deductibility of interest you pay on a home equity loan or HELOC to money that
is used to “buy, build or substantially improve the taxpayer’s home that
secures the loan,” according to
rates and changes to the tax-deductibility of the interest have removed some of
the appeal that existed a few years ago,” says McBride.
a home equity loan or HELOC, realize that you might not get the tax break
you’re hoping for.
5. What are the ways I can tap my home’s equity?
three main ways to tap home equity:
Home equity loan: Installment
loan with payments made over a set period of time.
Home equity line of credit (HELOC): Revolving
line of credit based, similar to a credit secured by your house.
mortgage refinance: Involves getting a new
mortgage for more than you owe and then keeping the difference in cash.
equity loans typically have fixed rates and five-year to 15-year payback
periods, while HELOCs generally have variable rates that start low but can
climb over time. A cash-out refinance can have variable or fixed rates, and
typically offer terms of 15 or 30 years. Additionally, a cash-out refinance
might have a hybrid rate, where it starts out fixed but becomes variable after a
6. How much can I borrow using my home’s equity?
general, you can expect to be limited to a total loan amount (your original
mortgage plus your home equity loan or HELOC) of 80 percent of your home’s
value. So, if your home is worth $250,000, your total debt secured by your home
probably won’t go beyond $200,000. If you still owe $150,000 on your home, that
means that you’ll be limited to borrowing $50,000.
Use Bankrate’s calculator to determine
how much you might be able to borrow and estimate your payments.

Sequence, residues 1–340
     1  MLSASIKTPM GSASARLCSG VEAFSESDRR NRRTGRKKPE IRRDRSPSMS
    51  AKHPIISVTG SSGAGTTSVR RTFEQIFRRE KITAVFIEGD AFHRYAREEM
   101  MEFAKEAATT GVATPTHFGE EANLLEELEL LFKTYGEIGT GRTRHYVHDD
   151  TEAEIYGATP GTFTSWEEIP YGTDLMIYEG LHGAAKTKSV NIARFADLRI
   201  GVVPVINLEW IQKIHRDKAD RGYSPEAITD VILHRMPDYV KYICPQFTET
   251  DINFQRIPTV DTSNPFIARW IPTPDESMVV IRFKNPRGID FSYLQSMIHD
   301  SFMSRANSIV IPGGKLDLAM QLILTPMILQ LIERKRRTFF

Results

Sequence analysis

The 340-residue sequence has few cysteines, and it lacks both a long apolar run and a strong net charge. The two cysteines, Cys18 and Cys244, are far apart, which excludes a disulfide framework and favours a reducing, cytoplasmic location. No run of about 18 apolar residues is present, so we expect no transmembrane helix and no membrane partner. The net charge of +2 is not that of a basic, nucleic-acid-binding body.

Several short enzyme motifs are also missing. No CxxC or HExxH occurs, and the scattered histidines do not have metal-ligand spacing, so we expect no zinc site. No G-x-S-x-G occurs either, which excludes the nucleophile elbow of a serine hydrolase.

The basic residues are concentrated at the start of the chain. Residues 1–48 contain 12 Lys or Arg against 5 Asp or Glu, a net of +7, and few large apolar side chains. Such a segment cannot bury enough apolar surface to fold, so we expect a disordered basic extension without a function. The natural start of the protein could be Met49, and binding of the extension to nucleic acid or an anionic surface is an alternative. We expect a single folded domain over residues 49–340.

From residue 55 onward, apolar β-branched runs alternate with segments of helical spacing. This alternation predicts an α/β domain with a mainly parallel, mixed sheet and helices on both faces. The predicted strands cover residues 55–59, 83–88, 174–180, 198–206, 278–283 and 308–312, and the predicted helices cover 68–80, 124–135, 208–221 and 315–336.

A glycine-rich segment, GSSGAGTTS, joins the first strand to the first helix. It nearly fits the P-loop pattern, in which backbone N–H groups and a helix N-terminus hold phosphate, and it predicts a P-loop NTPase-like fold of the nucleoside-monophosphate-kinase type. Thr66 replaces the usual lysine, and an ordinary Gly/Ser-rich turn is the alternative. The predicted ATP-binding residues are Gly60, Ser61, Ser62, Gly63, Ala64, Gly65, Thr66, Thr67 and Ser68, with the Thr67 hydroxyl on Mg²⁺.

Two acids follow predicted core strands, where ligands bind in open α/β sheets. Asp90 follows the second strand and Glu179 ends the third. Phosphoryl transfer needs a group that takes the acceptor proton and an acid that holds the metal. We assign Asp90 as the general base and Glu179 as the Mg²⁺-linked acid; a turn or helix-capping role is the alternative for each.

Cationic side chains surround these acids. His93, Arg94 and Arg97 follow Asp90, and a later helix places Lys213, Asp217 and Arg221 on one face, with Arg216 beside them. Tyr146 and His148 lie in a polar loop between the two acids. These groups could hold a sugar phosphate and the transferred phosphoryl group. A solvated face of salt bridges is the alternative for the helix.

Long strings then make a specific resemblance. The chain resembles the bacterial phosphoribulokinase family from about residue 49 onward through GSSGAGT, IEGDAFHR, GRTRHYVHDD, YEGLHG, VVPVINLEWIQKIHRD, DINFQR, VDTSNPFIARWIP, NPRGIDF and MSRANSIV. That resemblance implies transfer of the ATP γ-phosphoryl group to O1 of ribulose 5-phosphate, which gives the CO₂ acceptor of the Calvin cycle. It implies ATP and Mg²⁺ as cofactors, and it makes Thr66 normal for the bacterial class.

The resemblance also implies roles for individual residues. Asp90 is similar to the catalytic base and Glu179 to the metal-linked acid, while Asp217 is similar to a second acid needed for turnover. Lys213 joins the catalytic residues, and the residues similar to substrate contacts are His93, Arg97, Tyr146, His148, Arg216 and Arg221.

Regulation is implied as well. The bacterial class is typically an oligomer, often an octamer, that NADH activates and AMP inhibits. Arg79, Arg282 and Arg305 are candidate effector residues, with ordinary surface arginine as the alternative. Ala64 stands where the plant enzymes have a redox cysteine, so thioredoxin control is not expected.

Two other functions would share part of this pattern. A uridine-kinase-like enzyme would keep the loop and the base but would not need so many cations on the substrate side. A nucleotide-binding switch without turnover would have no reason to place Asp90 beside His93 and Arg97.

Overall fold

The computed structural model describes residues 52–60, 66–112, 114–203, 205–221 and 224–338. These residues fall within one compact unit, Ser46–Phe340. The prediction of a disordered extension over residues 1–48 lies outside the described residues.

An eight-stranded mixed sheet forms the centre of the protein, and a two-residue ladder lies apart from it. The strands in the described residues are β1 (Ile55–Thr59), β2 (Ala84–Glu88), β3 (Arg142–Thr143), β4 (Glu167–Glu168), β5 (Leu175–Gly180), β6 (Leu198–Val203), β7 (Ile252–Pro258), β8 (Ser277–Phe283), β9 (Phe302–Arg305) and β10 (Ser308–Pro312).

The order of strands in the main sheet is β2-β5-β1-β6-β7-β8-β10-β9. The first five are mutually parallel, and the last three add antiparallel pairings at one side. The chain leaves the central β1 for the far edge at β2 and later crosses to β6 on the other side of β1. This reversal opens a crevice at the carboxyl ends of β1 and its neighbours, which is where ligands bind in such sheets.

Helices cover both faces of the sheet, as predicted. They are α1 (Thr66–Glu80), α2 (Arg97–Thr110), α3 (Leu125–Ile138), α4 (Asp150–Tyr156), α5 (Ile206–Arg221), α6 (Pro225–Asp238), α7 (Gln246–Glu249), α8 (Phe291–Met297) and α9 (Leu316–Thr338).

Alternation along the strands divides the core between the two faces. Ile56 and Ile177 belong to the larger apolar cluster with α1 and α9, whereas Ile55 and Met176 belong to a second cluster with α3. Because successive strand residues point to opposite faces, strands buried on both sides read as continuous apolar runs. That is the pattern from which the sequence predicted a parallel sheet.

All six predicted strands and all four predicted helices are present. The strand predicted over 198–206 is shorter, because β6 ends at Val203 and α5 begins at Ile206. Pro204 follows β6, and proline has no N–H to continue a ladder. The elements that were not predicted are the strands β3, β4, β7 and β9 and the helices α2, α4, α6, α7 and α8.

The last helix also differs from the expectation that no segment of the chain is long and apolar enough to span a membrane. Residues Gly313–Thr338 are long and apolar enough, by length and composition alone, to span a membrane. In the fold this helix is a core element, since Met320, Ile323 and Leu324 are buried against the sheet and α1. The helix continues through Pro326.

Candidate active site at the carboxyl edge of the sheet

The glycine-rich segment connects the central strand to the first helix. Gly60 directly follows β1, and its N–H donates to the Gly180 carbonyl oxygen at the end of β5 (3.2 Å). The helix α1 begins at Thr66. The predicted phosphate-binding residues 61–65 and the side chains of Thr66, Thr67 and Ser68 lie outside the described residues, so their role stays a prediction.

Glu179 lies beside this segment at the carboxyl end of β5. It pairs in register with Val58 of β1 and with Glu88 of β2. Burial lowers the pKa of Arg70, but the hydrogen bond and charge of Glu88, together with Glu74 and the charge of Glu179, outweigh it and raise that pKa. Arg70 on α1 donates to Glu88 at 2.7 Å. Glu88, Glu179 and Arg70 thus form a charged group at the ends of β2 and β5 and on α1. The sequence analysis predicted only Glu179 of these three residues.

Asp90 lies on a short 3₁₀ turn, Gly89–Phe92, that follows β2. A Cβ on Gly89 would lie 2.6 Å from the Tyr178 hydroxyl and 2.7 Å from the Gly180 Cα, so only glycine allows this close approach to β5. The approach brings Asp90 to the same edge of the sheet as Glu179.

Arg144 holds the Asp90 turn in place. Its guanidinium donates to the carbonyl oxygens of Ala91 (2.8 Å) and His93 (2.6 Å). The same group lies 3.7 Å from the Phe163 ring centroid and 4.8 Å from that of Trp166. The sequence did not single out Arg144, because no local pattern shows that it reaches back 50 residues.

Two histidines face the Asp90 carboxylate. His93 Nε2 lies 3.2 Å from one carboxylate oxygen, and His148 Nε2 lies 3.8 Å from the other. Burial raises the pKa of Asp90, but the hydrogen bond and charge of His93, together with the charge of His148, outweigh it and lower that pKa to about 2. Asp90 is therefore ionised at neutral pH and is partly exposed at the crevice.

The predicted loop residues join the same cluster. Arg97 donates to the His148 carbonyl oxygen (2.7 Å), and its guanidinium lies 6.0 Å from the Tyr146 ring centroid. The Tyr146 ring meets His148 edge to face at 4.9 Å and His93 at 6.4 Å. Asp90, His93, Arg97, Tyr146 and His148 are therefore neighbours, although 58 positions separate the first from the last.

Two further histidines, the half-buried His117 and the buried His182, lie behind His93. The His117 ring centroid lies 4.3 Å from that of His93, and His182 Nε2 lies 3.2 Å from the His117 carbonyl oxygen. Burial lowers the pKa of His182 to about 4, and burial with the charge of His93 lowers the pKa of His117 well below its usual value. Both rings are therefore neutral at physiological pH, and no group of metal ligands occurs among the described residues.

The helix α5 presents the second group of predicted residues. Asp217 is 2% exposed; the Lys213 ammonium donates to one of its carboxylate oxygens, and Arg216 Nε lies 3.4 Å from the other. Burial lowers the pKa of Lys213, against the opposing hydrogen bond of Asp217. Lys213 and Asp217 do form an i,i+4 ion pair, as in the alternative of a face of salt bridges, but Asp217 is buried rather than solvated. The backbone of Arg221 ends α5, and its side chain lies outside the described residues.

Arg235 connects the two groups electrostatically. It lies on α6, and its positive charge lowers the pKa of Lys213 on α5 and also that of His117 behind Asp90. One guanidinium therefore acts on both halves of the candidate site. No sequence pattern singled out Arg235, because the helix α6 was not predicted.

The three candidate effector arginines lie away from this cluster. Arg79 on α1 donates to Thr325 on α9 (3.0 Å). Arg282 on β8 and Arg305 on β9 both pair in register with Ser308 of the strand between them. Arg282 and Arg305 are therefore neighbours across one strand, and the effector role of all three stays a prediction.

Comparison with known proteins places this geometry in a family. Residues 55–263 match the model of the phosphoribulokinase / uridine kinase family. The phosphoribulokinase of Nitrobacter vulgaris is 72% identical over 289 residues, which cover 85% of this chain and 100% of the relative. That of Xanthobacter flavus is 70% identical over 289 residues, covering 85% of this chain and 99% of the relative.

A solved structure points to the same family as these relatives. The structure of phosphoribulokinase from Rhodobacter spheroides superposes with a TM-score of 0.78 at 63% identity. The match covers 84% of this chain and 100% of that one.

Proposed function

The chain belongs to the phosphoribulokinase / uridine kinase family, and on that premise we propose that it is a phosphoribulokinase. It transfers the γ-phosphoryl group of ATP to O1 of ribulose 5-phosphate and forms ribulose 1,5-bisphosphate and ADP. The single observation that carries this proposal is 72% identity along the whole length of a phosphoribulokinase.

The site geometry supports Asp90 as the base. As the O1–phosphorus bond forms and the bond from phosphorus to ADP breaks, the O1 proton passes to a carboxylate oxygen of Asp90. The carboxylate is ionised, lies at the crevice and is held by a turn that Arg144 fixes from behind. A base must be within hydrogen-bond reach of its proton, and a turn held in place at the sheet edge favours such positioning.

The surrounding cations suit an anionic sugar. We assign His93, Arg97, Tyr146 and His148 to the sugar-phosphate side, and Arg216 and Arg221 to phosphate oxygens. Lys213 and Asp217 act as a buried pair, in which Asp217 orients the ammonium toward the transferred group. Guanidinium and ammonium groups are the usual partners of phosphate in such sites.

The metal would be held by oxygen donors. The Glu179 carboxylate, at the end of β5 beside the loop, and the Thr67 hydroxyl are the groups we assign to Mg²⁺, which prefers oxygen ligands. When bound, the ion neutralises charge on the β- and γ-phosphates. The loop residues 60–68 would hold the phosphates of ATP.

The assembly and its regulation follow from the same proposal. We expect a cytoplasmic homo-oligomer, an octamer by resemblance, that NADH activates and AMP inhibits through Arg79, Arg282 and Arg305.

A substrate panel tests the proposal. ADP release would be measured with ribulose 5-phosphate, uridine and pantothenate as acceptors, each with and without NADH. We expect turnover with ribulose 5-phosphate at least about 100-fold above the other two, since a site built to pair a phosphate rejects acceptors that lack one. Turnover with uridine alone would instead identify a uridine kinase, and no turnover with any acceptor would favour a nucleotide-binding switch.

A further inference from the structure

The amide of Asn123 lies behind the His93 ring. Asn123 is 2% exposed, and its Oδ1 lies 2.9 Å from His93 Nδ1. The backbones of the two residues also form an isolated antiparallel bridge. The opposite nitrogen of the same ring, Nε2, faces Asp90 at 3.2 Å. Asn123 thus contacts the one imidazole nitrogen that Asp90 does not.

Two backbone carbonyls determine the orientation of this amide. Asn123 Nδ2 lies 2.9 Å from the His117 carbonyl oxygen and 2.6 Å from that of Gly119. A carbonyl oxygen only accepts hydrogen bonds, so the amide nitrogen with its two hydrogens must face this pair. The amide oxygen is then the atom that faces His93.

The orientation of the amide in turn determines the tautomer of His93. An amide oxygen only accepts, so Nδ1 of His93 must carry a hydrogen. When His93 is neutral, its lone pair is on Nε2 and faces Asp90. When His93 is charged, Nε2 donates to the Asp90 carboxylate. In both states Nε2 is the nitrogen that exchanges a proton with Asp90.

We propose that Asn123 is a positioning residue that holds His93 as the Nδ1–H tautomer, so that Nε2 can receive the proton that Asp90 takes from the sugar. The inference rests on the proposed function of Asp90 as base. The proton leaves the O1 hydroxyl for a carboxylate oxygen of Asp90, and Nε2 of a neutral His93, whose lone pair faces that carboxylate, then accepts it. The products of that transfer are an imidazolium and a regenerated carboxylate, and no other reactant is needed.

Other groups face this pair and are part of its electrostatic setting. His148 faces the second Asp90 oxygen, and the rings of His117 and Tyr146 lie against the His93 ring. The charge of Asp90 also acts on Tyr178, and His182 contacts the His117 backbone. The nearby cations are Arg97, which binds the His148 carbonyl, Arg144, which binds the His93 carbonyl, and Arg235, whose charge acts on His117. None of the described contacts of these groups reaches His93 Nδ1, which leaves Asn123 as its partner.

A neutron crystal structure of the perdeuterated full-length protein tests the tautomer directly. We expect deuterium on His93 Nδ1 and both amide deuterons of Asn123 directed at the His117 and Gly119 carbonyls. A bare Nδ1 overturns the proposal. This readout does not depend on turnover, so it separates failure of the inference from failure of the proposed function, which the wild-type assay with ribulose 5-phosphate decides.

7. Will a home equity loan impact my credit score?
questions before tapping home equity, don’t forget to consider the impact on
your credit score. Because this is a loan, your payment activity will be
recorded. So, if you miss payments, it could negatively impact your score,
making it harder to get other loans or better interest rates.
your debt-to-income ratio will be affected. Having the monthly payments
associated with your home equity loan will take up more of your income and can
affect your ability to borrow in other situations.
8. How long will it take to pay off my home equity loan?
you take to pay off your loan should determine how much home equity to ask for.
If you can pay off what you owe in five years or less, a home equity line of
credit may be your best bet because HELOCs are relatively cheap to set up.
back your debt will take you longer than five years, the safety of fixed rates
and payments might be more attractive. Home equity loans typically offer
payback periods of up to 15 years.
need an even longer repayment period, a cash-out refinance might fit the bill.
However, cash-out refis may come with higher closing costs and they could
change the rate on your primary mortgage.
9. What are the additional costs?
additional costs that might come with tapping your home’s equity. You could end